Sources? Online, you can get good deals from Ebay or Amazon, although don't trust ANY of Amazon's recommended "this is what you need" suggestions because they'll recommend anything based on single keywords instead of ALL the keywords. A place like etrailer.com will have it all. Carid.com has one. Check out this link to see a good example plus installation instructions.
https://www.carid.com/curt/tail-light-converter-mpn-56146.html?singleid=940122952&url=3622573
 

·
Registered
Joined
·
1,446 Posts
The original factory kit had an adapter and wiring that just plugged in to ready installed plugs. It got the power for the trailer lights from a wire already in the wiring harness. You can't easily find those specially made kits any more.

The universal "splice-in" kits require you to find the wires and "splice" them in to the wiring. It's probably easier for your case than the original kit because you can reach the wires you need without needing to take off the interior panels. The adaptor controls the trailer lights and it gets power from a wire you run up to the front inside or outside the body. I remember a message on this board from someone who connected that one to the rear power plug. (You have a DX so I suspect that's not an option.)

There are two kinds of "splice-in" kits. One just adds the trailer lights on to the same circuit as vehicle lights. The other one, the "powered" or "self-powered" version, runs a wire to the battery so the trailer lights are powered separately.

You NEED the self-powered version for two reasons. One, the most important, is that the tail lights are wired barely well enough to work properly. The wiring is as small as Honda thought they could get away with - and unfortunately for owners of the 2005-06 models, this wiring was too small for even the original purpose. If you try to piggyback extra lights, you stand a chance of burning out the entire circuit and it's expensive to fix, assuming you can still get the parts AND you can figure out where the damage is. I don't know where the fault was but it spanned several models, not just the Element. My 2005 Pilot had the same issue which is how I first heard about it. The "self-powered" adapters don't put any extra load on the original tail light circuit.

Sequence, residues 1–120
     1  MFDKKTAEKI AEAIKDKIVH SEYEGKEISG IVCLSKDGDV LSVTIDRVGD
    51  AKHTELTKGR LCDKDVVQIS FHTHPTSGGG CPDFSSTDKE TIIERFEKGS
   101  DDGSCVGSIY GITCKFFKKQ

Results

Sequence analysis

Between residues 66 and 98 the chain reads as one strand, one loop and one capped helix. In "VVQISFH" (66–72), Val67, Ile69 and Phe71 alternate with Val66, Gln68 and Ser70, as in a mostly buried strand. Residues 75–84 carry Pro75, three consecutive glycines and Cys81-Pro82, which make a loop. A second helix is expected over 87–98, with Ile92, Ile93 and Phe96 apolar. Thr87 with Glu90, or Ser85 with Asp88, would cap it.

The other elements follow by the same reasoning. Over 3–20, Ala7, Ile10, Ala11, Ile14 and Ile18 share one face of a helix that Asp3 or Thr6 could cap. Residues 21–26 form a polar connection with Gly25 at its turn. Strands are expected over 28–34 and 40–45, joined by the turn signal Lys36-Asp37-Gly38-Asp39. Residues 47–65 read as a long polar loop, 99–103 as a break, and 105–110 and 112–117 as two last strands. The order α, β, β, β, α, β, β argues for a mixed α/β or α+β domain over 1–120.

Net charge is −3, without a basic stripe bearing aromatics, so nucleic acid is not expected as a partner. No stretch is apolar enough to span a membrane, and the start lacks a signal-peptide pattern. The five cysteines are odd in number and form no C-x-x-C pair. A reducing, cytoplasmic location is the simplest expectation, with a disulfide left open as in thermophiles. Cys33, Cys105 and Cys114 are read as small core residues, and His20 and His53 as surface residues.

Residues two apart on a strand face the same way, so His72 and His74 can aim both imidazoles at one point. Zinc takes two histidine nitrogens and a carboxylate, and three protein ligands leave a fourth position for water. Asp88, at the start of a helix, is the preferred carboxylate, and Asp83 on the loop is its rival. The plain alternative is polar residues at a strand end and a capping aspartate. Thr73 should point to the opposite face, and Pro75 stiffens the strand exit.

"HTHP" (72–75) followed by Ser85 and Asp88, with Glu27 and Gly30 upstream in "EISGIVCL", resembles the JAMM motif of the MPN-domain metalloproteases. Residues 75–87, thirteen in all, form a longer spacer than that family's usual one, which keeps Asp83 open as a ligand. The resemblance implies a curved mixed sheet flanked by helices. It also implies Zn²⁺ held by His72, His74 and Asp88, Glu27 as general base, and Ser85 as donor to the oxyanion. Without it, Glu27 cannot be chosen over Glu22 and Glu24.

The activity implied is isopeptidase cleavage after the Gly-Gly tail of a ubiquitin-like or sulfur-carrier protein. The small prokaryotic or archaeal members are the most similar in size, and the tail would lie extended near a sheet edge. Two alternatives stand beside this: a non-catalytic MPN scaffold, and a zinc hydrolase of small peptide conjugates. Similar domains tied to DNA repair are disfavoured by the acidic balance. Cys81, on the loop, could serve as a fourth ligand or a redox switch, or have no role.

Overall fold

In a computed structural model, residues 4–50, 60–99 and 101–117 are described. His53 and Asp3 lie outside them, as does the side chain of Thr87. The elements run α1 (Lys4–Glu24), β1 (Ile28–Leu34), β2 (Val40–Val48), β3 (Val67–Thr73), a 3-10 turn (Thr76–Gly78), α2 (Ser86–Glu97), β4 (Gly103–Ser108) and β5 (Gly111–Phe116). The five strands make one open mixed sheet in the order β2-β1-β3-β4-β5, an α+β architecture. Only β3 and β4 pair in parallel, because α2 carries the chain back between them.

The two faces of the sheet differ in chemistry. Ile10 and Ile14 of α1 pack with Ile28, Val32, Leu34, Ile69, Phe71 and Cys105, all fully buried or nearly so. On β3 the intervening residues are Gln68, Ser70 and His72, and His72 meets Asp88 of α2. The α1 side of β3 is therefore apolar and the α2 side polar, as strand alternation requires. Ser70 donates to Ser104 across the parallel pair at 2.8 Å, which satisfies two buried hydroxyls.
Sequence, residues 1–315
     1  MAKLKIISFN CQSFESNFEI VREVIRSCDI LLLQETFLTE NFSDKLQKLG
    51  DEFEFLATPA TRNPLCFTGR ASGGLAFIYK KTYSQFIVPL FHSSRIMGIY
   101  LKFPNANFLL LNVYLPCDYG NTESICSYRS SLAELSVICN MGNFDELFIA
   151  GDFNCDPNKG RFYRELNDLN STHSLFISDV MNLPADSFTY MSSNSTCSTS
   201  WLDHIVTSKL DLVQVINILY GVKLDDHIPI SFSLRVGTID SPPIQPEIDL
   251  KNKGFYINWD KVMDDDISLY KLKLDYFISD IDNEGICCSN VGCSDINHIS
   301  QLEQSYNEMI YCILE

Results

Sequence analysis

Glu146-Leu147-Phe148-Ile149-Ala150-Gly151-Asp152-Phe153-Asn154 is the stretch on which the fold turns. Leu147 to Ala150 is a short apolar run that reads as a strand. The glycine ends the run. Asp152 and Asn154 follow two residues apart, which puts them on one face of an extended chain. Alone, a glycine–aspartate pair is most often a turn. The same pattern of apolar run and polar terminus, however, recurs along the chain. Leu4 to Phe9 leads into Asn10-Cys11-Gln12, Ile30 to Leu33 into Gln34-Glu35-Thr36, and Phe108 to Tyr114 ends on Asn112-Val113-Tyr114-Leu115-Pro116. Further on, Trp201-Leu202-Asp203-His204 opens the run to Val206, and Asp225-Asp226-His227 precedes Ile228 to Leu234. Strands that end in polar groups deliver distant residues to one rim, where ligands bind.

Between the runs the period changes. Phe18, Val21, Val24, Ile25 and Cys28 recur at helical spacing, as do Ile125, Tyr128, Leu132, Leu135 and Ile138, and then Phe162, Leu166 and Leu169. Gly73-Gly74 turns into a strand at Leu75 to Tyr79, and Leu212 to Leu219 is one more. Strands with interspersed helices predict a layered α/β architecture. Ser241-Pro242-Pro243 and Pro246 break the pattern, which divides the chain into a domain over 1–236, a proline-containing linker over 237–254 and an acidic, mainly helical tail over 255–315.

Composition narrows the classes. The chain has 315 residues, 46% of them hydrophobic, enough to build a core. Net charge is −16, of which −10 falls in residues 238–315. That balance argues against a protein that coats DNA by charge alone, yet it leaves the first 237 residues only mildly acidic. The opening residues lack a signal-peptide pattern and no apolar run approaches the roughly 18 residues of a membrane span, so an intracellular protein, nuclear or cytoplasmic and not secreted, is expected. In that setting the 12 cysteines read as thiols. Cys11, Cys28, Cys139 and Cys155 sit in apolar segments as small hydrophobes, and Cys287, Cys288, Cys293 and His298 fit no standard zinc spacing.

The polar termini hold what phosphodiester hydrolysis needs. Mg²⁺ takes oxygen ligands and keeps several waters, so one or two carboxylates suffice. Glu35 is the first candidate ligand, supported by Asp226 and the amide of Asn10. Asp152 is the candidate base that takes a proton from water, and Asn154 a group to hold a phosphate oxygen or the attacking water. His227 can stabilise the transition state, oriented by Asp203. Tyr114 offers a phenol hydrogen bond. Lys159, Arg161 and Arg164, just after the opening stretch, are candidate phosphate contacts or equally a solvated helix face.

The other reason covers EVERY model of Element. Trailer wiring is the scariest wiring there is for developing short circuits, open grounds, gremlins - you name it. Without a self powered adapter, any damage from a short circuit ends up under the dash in very expensive places. You need that insulation from disaster.

How to tell if an adapter is self powered? It'll say "powered" or "self powered" in the description. It'll have an extra wire, probably red or green, and very long and coiled up that you run up to the battery under the hood. It'll most likely have little blue wire splices to hook it to the vehicle wiring which, while easy to use, aren't the best thing to use if they're exposed to the weather. Solder and tape are best but I have a feeling that's beyond your current skill level.

Sources? Online, you can get good deals from Ebay or Amazon, although don't trust ANY of Amazon's recommended "this is what you need" suggestions because they'll recommend anything based on single keywords instead of ALL the keywords. A place like etrailer.com will have it all. Carid.com has one. Check out this link to see a good example plus installation instructions.
https://www.carid.com/curt/tail-light-converter-mpn-56146.html?singleid=940122952&url=3622573
X2 agree 100%
 

·
Registered
Joined
·
2,814 Posts
Great info!
I'm going to order a kit this week...
Question,
Do I order this kit for my 2006 Element?
Just double checking that this is the one with the additional power wire.
Thanks!
It looks like the right one. I'm surprised that they're selling the power wire as a separate unit but if you don't have the parts handy, it's worth the extra cost.
 

·
Registered
Joined
·
78 Posts
It looks like the right one. I'm surprised that they're selling the power wire as a separate unit but if you don't have the parts handy, it's worth the extra cost.
Oh.. good catch!
Yeah I definitely need the "self powered" unit..

Thanks!
Rob
 
1 - 9 of 9 Posts
Top